Josh Gillam’s review published on Letterboxd:
Former FBI profiler Will Graham (William Petersen) comes out of retirement to catch an elusive serial killer, reluctantly enlisting the help of old enemy Dr Hannibal Lecktor (Brian Cox), in Michael Mann’s neo-noir psychological horror crime thriller with Dennis Farina, Kim Greist, Tom Noonan and Joan Allen.
There’s something incredibly haunting about the steady, methodical way this plays out; it’s almost as if the film, much like its troubled protagonist, has witnessed these sorts of horrors before and will time and again, this sense of inevitably making for a strikingly unsettling experience.
I absolutely believe Petersen as this burnt-out profiler, convincingly playing someone who gets too deeply involved in cases for his own mental well-being, with the star conveying that core empathy along with a fascination/ repulsion dynamic that both males the character’s journey gripping and anchors this dark tale. He’s probably the best part of the entire film, bringing this (often fragile) warmth and sense of human connection that’s not always present elsewhere, as I found the film itself a bit too clinical to ever get completely invested in it.
Even though it all focuses around a man who is supposed to get too far into the thoughts of the killers he’s tracking, Francis Dollarhyde remains a frustratingly surface level antagonist; any dragon symbolism was cut out, along with presumably a lot of his deeper motivation for the killings, so once the character is properly introduced about two thirds of the way in the film is never quite able to flesh him out into a completely believable or interesting character in his own right, which is unfortunately also true for most of the other supporting roles as well.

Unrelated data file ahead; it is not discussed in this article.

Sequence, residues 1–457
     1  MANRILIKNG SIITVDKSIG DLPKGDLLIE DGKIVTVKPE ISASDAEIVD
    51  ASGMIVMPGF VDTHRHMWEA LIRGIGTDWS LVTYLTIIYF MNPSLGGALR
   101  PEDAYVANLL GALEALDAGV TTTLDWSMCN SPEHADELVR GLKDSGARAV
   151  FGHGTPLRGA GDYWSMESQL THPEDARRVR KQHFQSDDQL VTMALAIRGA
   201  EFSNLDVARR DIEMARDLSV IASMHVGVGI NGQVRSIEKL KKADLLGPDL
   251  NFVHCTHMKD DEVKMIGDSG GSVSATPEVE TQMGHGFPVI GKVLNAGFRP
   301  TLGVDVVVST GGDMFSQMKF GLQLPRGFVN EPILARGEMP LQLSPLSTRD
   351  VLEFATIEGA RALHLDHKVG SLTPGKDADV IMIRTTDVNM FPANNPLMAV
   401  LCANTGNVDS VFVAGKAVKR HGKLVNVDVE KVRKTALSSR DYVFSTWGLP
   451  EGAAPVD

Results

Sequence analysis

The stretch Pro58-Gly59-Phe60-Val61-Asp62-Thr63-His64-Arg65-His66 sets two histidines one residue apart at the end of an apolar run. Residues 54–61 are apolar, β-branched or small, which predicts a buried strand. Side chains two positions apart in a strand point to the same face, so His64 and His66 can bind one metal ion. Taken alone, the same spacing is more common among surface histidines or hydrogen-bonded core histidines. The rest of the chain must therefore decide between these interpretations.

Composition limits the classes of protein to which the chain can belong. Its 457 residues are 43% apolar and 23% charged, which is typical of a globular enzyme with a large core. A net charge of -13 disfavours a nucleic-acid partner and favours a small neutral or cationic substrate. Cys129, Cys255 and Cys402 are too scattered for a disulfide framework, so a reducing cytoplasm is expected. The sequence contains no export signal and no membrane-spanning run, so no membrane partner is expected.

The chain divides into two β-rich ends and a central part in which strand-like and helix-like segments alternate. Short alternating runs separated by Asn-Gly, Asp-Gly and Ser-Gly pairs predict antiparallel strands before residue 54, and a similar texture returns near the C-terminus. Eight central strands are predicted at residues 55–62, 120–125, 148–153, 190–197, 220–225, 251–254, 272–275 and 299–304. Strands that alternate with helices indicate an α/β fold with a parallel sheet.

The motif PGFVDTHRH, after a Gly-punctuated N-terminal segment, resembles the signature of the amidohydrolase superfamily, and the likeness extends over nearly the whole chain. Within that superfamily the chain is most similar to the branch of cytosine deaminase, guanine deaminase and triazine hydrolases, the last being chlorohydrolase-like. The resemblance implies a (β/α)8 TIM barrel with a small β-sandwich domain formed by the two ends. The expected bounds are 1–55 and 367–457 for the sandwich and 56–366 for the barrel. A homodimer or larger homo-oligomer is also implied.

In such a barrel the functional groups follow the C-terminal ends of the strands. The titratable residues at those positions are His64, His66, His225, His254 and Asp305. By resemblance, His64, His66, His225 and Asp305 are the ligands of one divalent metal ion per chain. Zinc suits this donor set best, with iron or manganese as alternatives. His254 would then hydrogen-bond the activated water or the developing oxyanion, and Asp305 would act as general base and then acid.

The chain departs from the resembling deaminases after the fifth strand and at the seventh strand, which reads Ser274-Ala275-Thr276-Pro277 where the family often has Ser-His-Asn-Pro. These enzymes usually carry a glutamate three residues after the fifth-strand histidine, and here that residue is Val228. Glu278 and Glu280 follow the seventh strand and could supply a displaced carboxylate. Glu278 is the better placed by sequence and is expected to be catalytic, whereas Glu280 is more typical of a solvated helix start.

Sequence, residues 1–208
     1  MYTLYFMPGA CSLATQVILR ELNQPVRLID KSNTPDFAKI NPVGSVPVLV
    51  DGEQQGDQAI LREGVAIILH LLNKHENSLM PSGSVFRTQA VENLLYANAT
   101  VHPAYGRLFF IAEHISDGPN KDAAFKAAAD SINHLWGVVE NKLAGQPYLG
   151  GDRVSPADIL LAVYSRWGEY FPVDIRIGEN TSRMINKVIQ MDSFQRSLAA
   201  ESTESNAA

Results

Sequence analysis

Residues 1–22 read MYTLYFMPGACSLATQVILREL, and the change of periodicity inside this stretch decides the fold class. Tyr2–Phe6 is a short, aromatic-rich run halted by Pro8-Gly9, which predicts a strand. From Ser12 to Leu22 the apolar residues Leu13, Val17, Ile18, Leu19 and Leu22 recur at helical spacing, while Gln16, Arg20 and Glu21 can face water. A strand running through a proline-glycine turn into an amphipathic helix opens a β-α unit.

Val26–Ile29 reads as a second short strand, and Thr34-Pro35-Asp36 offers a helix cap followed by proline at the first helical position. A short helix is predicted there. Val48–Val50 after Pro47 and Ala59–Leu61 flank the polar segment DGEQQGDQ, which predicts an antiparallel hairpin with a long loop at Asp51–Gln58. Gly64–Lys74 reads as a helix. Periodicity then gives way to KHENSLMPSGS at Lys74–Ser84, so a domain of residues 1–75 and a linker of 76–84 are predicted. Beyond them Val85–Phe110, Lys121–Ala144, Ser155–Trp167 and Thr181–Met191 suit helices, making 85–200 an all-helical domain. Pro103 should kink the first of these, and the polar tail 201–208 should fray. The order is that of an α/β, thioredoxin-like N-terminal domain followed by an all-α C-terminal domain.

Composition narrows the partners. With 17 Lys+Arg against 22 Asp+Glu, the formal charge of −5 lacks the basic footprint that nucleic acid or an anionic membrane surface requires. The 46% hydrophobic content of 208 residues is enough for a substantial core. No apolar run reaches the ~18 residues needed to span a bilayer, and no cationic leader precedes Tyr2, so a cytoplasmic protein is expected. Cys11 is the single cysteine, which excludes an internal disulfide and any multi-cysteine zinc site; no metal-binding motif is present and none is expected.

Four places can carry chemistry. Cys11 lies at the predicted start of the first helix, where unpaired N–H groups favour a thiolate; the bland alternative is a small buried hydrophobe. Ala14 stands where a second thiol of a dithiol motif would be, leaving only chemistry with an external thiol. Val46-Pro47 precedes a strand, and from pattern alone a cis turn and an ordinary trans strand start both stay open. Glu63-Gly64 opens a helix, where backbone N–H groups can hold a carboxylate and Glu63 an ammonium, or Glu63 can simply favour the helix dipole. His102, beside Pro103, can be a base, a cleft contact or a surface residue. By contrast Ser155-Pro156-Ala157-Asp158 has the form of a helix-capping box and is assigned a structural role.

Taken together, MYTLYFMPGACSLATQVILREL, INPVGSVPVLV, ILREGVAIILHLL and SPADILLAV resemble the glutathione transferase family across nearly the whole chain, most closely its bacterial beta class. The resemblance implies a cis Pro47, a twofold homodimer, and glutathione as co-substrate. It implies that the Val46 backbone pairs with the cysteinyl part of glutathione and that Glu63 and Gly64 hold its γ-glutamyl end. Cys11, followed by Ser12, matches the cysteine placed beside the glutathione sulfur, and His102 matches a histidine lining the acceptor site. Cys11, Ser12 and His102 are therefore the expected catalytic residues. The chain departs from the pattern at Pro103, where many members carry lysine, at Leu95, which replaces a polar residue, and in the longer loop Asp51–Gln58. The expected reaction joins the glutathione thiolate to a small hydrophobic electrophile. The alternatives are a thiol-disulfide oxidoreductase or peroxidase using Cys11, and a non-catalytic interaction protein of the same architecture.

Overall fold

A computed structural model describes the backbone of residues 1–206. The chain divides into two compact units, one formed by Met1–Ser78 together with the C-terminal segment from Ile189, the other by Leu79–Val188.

Noonan does make up for that with his endlessly chilling performance, however, staying in character throughout the shoot in a way that apparently unnerved people on set, and he brings a level of disturbed intensity here that (mostly) helps to add something extra to a fairly one dimensional villain. Cox is only given a couple of scenes in a supporting turn soon to be immortalised by Anthony Hopkins just a few years later, but I actually thought the former’s comparatively restrained, suavely sinister take on the character felt a lot more believable (if less iconic).
I liked the slow burn approach Mann takes in telling this story, which takes its time to set each piece of the puzzle into place, but this style did feel too static for my taste; segments like the family’s move into hiding or Dollarhyde’s pursuit of a co-worker stop the plot in its tracks, ultimately not really adding all that much in the long run.
It must be quite difficult to translate the sort of internal profiling work Graham does to the screen, but I don’t think Mann quite manages to pull it off, leading to lots of dry investigation scenes that never probe into the troubled character’s mind nearly enough, instead taking a more rote procedural approach that downplays this psychological side and is much less interesting for it.
The director had not long come off of running Miami Vice, and brings his distinctive neon-tinged style to the project, but this aesthetic doesn’t really fit the dark story that’s being told, with the heavy synth-focused soundtrack adding to the feeling that this is like some brooding 70s thriller that’s been trapped in a gaudy 80s package.
Nevertheless, there’s a real precision to the way it all unfolds that does pay off by the end, with everything that happens in that last confrontation once ‘In-A-Gadda-Da-Vida’ kicks in reaching that perfect mix of unnerving and engrossing.
Manhunter is incredibly well made, but there’s a a detached quality to it that feels more than a little underwhelming. I think the film struggles to juggle Thomas Harris’ internalised approach when adapted to Mann’s more externalised sensibility, with these competing authorial voices ultimately leaving the final product a bit muddled personality-wise, but it’s the moments where this cooly observed perspective fully meshes with the director’s inventive imagery that it really soars, making for some unforgettable snatches of brilliance in what amounts to a bit of an inconsistent whole.